When Henry V took the throne after his father, Henry IV, died one of his driving motivations was to prove he was a legitimate King. And Ramirez told us that the way he did this was to go back to war with France to show he was a warrior King and that God was on his side. Charles VI (the Mad) is still on the throne in France – Ramirez didn’t tell us much about him, but what she did say was that like Richard II he was more interested in peace. This new campaign by the English reaches its climax with the Battle of Agincourt, which is still remembered today (thanks to Shakespeare) as a great victory for the English. Henry had proven his point, God was on his side.

“In Great Waters” Kit Whitfield; “The Iron King” Maurice Druon

Two books in one post, because I don’t think I’ve got much to say about either of these. I read most of both while we were up visiting J’s parents last weekend, tho I started “In Great Waters” before.

“In Great Waters” Kit Whitfield

This book took a while to get going for me, then I found the end disappointing and too neatly tied up for my tastes. In this alternate history merpeople are real and the kings & queens of Europe are descended from a hybrid, who took control of Venice back in the day. Every non-landlocked country wants a hybrid ruler because then they can get their coastal merpeople to stop invasions from other countries. The merpeople (who are never referred to as that, they are deepsmen) aren’t quite intelligent although they have language and are almost “human”. Because the royal families all descend from one woman, and so have been interbreeding for several generations they have all sorts of health issues. But “bastards” i.e. non-royal-family hybrids are strictly forbidden & burnt to death if found.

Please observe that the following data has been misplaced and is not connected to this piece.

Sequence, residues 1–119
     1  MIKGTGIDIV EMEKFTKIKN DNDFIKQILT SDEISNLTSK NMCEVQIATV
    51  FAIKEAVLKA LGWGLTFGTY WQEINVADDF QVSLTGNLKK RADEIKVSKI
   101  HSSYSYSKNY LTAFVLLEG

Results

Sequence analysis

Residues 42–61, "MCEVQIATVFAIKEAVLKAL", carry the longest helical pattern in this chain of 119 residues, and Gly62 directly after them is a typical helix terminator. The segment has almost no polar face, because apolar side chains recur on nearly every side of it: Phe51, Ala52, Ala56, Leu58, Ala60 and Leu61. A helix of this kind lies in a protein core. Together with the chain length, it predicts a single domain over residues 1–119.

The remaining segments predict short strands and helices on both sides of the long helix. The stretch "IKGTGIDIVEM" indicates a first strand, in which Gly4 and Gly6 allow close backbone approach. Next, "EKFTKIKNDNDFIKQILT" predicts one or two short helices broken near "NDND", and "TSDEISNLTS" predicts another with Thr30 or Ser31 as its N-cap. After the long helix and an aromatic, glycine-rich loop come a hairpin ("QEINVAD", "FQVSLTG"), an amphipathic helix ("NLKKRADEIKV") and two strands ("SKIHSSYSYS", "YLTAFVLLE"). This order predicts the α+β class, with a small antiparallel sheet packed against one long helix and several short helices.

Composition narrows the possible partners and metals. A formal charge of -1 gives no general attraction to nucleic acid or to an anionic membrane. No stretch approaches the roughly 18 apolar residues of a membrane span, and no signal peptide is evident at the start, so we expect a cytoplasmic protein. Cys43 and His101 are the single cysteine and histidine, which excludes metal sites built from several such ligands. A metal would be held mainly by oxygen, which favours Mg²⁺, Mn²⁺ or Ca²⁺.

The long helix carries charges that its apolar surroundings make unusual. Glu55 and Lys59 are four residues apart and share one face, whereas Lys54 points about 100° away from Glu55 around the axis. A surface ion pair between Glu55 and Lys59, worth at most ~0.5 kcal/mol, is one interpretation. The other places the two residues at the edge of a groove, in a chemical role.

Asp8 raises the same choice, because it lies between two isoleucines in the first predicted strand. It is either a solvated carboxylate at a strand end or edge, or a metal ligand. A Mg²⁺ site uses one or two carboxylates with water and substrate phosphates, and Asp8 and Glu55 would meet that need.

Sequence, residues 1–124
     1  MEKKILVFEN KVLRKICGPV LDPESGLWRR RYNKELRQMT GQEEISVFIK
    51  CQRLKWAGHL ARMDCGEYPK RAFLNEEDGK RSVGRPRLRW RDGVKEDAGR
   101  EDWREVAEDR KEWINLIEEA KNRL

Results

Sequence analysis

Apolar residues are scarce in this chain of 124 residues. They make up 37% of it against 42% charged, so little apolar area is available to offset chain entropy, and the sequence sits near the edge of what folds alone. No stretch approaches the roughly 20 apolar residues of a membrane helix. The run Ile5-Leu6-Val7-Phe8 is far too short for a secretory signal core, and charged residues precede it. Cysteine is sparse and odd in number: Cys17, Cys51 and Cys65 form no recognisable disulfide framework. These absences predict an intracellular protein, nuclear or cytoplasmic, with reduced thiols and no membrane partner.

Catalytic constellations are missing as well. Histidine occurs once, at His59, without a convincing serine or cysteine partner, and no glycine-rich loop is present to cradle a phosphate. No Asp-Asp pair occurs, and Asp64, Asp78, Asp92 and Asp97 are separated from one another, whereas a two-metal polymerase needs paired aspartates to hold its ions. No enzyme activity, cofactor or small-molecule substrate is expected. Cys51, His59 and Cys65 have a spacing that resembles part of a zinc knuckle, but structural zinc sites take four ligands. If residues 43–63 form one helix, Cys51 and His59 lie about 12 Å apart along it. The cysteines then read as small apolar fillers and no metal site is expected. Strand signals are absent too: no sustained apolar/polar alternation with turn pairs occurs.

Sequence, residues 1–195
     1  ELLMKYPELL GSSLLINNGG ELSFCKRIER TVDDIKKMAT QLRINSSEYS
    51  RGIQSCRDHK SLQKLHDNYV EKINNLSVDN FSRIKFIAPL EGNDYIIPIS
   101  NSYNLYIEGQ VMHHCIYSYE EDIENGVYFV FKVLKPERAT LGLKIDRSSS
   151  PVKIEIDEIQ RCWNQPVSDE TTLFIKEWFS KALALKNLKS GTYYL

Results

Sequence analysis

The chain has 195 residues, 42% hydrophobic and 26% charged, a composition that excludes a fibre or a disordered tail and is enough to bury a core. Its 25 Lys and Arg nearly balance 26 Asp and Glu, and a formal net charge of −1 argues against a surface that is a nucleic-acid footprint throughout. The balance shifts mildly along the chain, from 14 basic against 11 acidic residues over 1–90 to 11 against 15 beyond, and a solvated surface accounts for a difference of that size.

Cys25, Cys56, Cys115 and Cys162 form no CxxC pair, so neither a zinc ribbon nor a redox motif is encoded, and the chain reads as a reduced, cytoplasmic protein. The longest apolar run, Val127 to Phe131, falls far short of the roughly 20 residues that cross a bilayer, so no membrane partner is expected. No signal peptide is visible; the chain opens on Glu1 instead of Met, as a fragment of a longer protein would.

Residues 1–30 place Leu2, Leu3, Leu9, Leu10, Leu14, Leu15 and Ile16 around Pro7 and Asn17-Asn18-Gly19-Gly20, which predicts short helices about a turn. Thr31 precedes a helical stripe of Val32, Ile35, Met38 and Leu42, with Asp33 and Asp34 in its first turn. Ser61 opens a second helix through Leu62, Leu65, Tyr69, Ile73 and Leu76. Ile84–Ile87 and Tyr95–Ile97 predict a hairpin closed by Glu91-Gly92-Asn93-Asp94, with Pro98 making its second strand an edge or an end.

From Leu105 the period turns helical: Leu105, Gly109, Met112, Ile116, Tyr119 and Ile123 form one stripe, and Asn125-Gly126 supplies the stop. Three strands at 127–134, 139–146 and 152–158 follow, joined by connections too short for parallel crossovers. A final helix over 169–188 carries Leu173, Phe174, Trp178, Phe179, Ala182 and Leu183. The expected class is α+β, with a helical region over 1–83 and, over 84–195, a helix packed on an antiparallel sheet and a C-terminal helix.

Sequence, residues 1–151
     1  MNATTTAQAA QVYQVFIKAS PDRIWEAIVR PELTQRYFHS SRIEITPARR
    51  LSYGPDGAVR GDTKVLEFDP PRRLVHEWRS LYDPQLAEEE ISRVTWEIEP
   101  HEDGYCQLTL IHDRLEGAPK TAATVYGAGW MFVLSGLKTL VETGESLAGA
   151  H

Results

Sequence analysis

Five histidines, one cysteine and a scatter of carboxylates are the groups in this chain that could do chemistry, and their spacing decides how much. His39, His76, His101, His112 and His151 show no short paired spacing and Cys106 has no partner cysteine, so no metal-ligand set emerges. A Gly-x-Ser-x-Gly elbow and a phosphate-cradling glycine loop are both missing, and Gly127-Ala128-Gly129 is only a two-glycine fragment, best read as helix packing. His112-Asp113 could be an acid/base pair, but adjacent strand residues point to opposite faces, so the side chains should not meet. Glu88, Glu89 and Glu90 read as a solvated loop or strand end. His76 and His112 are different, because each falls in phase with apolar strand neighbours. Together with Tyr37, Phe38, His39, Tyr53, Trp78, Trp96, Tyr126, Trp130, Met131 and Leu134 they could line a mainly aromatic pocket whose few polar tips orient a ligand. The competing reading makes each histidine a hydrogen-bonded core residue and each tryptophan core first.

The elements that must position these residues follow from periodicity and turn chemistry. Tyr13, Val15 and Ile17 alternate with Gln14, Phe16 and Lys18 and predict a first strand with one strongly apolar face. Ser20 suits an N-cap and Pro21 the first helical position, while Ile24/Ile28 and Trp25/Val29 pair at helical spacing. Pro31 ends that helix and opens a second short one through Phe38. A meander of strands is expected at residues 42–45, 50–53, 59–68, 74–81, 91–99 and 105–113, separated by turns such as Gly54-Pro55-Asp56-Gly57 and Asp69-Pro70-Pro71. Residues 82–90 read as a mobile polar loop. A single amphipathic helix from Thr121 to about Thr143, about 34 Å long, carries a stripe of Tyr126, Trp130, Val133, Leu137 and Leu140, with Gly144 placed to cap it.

The story is seen from two points of view – Henry, a bastard brought up by deepsmen for the first few years of his life before being cast out, and Anne, youngest daughter of the current English royal family which is in the midst of a succession crisis. I think one of my problems with getting properly sucked into the book is that Henry is pretty alien in perspective (good in theory, but didn’t help me get immersed) and Anne spends most of the book being a passive observer (not even always seeing enough to be sure what’s going on). So the story seemed to happen off the page for the first two thirds of the book, then suddenly our two characters are the centre of it all and everything gets resolved. And I think the implications are that we all live happily ever after, except for those who don’t. And I just don’t buy that.

I did like the pseudo-Tudor court with its paranoid politics. I also liked the way Henry goes through culture shock when he gets kicked out of his deepsman life into a landsman life – and never quite gets over his upbringing even if he gets socialised to some degree. It felt real and made for an interesting character. Just it was hard to sympathise with him and made the first few chapters which are solely his point of view more difficult to get invested in. Whereas Anne was sympathetic (and again felt real) but given it’s a plot point that she projected an image of being a bit “simple” in public there’s a lot of watching things happen around her.

“The Iron King” Maurice Druon

Got this out of the library due to a review which mentioned that George R. R. Martin has said that Druon’s books were an influence on A Song of Ice & Fire. Druon is a French author, who published the seven books of his Accursed Kings series in the 1950s in French (the translation I read was done by Humphrey Hare and I’m not sure if that was a new one for this edition or is the one done in the 50s).

The Iron King tells a fictionalised version of the last year or so of the reign of Philip the Fair, Philip IV of France. To give some context, for those like me who are shaky on French history, his daughter Isabella married Edward II of England. Their son was Edward III of England (and he’s the one that kicks off the Hundred Years War (post)). The bulk of the plot revolves around the final events of the prosecution & persecution of the Templars, and Isabella’s campaign to expose her brothers’ wives infidelity. I think it keeps fairly close to the actual events of history where they’re known (and it has footnotes telling you more details sometimes!).